Rep.-elect Alexandra Ocasio-Cortez (D-New York) was anti-establishment right out of the box, including a reported fight over climate change with New Jersey’s Frank Pallone, putting the new congresswoman in the national limelight during the House freshman orientation this week in Washington.
New Jerseyans over a certain age have seen this movie before, back in 1974 when controversial 40-year-old freshman State Sen. Alene Ammond (D-Cherry Hill), called “The Terror of Trenton” was kicked out of the Senate Democratic Caucus.
Senate Democrats didn’t like her because she talked to the press too much, often revealing what Senators said in the closed-door caucus.
Ammond started out as part of an organization called the Cherry Hill League, a watchdog group that one local official referred to as a “nit-picking body.” Her partner in that group was Rose Marie Hospodor, who would someday become Pallone’s mother-in-law. In 1967, Ammond ran for Cherry Hill councilwoman and finished 11th in a field of 12 candidates.
In 1973, two factions of the Camden County Democrats were at war. Cherry Hill Democratic Municipal Chairman Jack Gasparre was preparing to challenge County Chairman James Joyce, and both put up opposing slates in the June primary. Camden Mayor Angelo Errichetti was part of the Gasparre faction.
Joyce backed Ammond for State Senate, while Gasparre’s candidate was 33-year-old Jack Jehl, a former assistant Camden County prosecutor who was then the Voorhees solicitor.
The Republican incumbent, John Miller (R-Cherry Hill), was seeking his third term in the State Senate. The newly-drawn 6th district appeared solidly Republican in the early in those days; it included suburban Camden County towns, as well as Evesham and Palmyra in Burlington County. Noteworthy is that the incumbent Governor, William Cahill, and former Gov. Alfred Driscoll both lived in the 6th.
Still, Miller had his own political problems. His running mate, Assemblyman William Dickey, a former Assembly Speaker, had tried to dump Miller and get the Senate nomination for himself.
Ammond defeated Jehl by 504 votes, 53%-47%. Her two Assembly running mates, Mary Keating Croce, the sister of the county clerk, and 28-year-old Jack Gallagher, also won the primary – Gallagher by 286 votes.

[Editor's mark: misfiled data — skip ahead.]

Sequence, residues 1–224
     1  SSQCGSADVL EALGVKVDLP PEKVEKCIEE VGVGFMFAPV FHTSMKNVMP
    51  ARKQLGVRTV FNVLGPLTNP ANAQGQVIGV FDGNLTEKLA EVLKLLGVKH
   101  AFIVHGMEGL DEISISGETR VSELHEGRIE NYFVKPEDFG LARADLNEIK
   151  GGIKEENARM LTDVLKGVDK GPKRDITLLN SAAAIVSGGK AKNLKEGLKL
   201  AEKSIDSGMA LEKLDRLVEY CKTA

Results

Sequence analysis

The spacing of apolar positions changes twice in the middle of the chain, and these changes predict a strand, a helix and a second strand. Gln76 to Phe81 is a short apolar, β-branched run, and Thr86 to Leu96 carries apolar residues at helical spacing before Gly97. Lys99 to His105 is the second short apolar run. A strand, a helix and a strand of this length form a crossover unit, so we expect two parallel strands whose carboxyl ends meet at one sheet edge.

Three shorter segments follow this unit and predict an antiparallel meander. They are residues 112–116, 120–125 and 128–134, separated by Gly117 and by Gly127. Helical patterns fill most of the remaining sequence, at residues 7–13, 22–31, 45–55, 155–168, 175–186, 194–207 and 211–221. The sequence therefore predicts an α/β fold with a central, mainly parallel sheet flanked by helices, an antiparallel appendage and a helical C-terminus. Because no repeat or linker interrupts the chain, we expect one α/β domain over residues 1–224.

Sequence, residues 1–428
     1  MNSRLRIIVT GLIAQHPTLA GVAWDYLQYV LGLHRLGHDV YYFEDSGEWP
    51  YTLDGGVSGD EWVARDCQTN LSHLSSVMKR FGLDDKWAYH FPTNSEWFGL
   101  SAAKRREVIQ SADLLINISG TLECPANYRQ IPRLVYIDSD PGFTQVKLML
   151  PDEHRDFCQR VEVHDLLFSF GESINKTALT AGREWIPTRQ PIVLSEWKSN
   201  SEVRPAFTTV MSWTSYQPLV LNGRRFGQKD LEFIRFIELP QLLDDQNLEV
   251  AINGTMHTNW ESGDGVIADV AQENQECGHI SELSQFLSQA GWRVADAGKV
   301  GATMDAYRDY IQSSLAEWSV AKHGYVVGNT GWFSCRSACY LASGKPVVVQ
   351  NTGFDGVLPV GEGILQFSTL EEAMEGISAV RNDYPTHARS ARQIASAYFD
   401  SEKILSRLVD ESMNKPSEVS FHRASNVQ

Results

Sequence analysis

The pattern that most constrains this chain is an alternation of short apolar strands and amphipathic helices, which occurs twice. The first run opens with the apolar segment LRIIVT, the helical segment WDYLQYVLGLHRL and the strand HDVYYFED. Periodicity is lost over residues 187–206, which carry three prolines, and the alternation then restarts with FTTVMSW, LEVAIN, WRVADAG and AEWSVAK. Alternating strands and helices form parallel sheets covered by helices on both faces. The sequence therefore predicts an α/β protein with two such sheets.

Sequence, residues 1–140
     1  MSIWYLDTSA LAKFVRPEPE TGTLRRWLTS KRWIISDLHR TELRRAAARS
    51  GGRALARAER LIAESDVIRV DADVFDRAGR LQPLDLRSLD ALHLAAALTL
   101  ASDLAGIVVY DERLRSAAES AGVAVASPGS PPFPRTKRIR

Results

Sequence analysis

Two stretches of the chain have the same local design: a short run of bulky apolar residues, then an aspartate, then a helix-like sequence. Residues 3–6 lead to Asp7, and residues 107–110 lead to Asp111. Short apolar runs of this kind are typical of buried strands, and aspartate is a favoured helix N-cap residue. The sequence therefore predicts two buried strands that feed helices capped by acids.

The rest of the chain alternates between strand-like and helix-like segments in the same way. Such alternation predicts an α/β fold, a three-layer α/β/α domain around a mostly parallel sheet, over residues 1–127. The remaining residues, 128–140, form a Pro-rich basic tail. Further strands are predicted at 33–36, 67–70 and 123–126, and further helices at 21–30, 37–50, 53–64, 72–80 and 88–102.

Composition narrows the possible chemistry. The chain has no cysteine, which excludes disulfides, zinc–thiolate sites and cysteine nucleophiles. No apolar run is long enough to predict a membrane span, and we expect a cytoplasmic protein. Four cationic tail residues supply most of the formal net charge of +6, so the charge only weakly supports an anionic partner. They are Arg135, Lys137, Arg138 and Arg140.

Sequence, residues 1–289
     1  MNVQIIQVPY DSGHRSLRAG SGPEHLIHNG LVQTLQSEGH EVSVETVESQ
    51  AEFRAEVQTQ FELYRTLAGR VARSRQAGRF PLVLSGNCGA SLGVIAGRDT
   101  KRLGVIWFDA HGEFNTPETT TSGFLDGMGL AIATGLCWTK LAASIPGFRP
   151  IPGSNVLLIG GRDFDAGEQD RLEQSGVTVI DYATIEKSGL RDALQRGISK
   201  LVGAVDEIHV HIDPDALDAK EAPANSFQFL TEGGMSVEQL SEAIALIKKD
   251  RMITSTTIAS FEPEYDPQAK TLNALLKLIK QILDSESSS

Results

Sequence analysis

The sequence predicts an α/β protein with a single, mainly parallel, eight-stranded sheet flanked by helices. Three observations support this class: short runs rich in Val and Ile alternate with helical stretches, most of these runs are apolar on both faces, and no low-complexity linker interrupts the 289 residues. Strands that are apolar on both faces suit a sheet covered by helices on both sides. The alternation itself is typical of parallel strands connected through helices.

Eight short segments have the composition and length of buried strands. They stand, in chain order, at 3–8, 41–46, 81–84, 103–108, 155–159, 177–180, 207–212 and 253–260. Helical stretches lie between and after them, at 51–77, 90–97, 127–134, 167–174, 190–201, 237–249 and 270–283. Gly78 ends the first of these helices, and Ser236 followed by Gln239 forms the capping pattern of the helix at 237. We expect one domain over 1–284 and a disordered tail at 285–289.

The general election came not long after the Saturday Night Massacre, when Richard Nixon fired Watergate special prosecutor Archibald Cox. 1973 was a blowout year for Democrats, winning 30 Senate seats and 66 Assembly seats.
Ammond beat Miller by 3,248 votes, 53%-47%. Keating Croce and Gallagher ousted Dickey and incumbent Eugene Raymond.
Just a few weeks after joining the Senate, Ammond had already gone off the reservation. She charged Senate President Frank Dodd had a personal conflict of interest in the creation of an energy study commission because he wanted to skew the results.
Ammond got into a fight with Joyce over fundraising. The county chairman brought in U.S. Senator Henry Jackson and Gov. Brendan Byrne for a fundraising to pay off Ammond’s campaign debts. By February, Ammond had accused Joyce of trying to pocket the money and asked that all proceeds go to her campaign directly
The deal, Joyce said at the time, is that she would sell 200 tickets for $50 each. He said that Ammond barely sold any, and the ones she did sell were at cost ($16). He refused to give her any money.
Ammond also took issue with a fundraising letter Joyce sent out saying that he secured a seat for her on the Senate Judiciary Committee.
By March, she was in the middle of a probe by Camden County Prosecutor Thomas Shusted over petitions field by her Cherry Hill change of government petition she backed in 1972.
When Camden Democrats wanted freeholder Thomas Higgins to replace Shusted as county prosecutor, Ammond used her senatorial courtesy to block him. She also blocked Democratic appointments to the Delaware River Port Authority. Ammond called on the State Commission of Investigation (SCI) to investigate the deal Joyce made to get Higgins named prosecutor. Higgins wound up withdrawing.